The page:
This is a printer-friendly version of an article from Zip06.com.Article Published September 3, 2019
A Connecticut Department of Energy & Environmental Protection (DEEP) assessment determined in June that the expanded parking lot planned at The Preserve on Ingham Hill Road in Old Saybrook must make accommodations for two species of turtles designated by the state as being of special concern, as well as a bat species the state has designated as endangered.
Clearing for the refurbished lot, which will provide space for 12 cars as opposed to just five in the current one, will begin this fall.
Eastern box turtles (Terrapene carolina carolina) and spotted turtles (Clemmys guttata) are particularly vulnerable as adults because of their “late maturity and long life spans,” according to a letter sent by Shannon Kearney, a DEEP wildlife biologist, to Nathan L. Jacobson & Associates (NLJA), a consulting civil and environmental engineering firm based in Chester that has done the design work on the lot.
“Chris Taylor, P.E. of NLJA designed the parking lot for Ray Allen, director of Public Works, with advice from Dr. Matt Aresco, herpetologist, who happened to be in town visiting his parents,” explained Old Saybrook Town Planner Christine Nelson.
Primary threats to the turtles are construction vehicles, cars, illegal collection by humans, and predation. Kearney’s letter states that construction should be conducted during the turtles’ active season, April 1 through Nov. 1, in order to allow the turtles to “move out of harm’s way and minimize mortality to hibernating” turtles.
Those guidelines, however, had to also take into consideration the lactation period of little brown bats (Myotis lucifugus), from May 15 to Aug. 15. Tree removal cannot take place while the bats are lactating, so clearing for the new lot had to wait at least until the second half of August.
The lot is located between two vernal pools, shallow pools of water usually present for only part of the year that provide important habitats for plants and animals. These pools, Kearney said in her letter, have been “identified as highest priority vernal pools in The Preserve for conservation, based on the diversity of species they contain.”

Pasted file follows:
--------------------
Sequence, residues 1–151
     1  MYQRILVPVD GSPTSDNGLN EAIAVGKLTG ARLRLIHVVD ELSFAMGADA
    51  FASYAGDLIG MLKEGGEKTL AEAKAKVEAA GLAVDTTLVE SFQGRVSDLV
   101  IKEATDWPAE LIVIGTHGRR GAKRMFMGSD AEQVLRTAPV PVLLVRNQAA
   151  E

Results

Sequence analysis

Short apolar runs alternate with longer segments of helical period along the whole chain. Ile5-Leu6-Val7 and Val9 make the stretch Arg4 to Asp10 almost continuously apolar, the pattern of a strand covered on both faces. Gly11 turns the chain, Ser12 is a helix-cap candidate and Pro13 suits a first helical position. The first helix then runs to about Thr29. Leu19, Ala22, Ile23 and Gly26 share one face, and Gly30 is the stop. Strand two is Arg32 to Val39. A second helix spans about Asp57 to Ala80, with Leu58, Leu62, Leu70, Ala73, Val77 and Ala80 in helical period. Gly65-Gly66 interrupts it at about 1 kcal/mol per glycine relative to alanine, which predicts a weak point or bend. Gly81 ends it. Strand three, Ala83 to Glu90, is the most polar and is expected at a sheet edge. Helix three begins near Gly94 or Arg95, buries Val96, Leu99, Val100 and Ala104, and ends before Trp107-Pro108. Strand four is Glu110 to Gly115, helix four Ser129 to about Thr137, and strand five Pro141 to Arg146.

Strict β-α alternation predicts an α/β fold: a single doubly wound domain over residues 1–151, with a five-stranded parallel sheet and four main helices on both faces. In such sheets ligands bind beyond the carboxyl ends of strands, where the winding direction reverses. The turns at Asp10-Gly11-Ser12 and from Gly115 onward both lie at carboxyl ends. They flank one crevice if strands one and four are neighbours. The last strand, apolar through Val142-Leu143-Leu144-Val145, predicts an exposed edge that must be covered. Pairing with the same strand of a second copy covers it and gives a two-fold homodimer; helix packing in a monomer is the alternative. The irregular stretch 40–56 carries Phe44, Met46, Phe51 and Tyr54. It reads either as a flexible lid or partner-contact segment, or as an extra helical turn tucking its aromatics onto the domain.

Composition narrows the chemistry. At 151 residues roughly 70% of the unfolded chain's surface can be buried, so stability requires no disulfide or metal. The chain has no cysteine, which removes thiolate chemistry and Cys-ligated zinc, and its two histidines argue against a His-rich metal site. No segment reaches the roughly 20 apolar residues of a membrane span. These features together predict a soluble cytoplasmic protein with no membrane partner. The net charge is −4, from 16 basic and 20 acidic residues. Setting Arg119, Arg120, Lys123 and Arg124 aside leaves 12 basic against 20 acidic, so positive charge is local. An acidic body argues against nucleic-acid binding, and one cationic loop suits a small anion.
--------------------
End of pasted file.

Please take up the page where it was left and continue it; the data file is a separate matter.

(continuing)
This means not only that the entire construction process must be conducted carefully so as not to disturb the turtles, but that a barrier must be erected around the lot to ensure that the turtles don’t enter. A three-foot chain-link fence will be installed, topped by a safety polycap similar to those placed on fences around sports fields, “so human visitors will see it and not trip over it,” said Nelson.
The fence must be maintained on a regular basis to ensure that gaps don’t materialize at the bottom, allowing the turtles to cross into the lot, Kearney advised in her letter. In addition, paths to hiking and mountain biking trails must be clearly marked to keep human users of The Preserve from straying into the 750-foot “envelope” around the vernal pools.
“Vernal pools have the best chance of healthy persistence if less than 25 percent of their envelope is disturbed,” Kearney wrote.
The Old Saybrook trailhead, which is served by this parking lot, is one of four main lots leading into the nearly 1,000-acre open space. The Preserve’s principal entrance is in Westbrook, at 1278 Essex Road (Route 153), which has a parking lot with 30 spaces. Two trailheads with limited parking are located off Ingham Hill Road in Essex, accessing separate but ultimately connecting trails. The lot is expected to be finished and opened in the spring.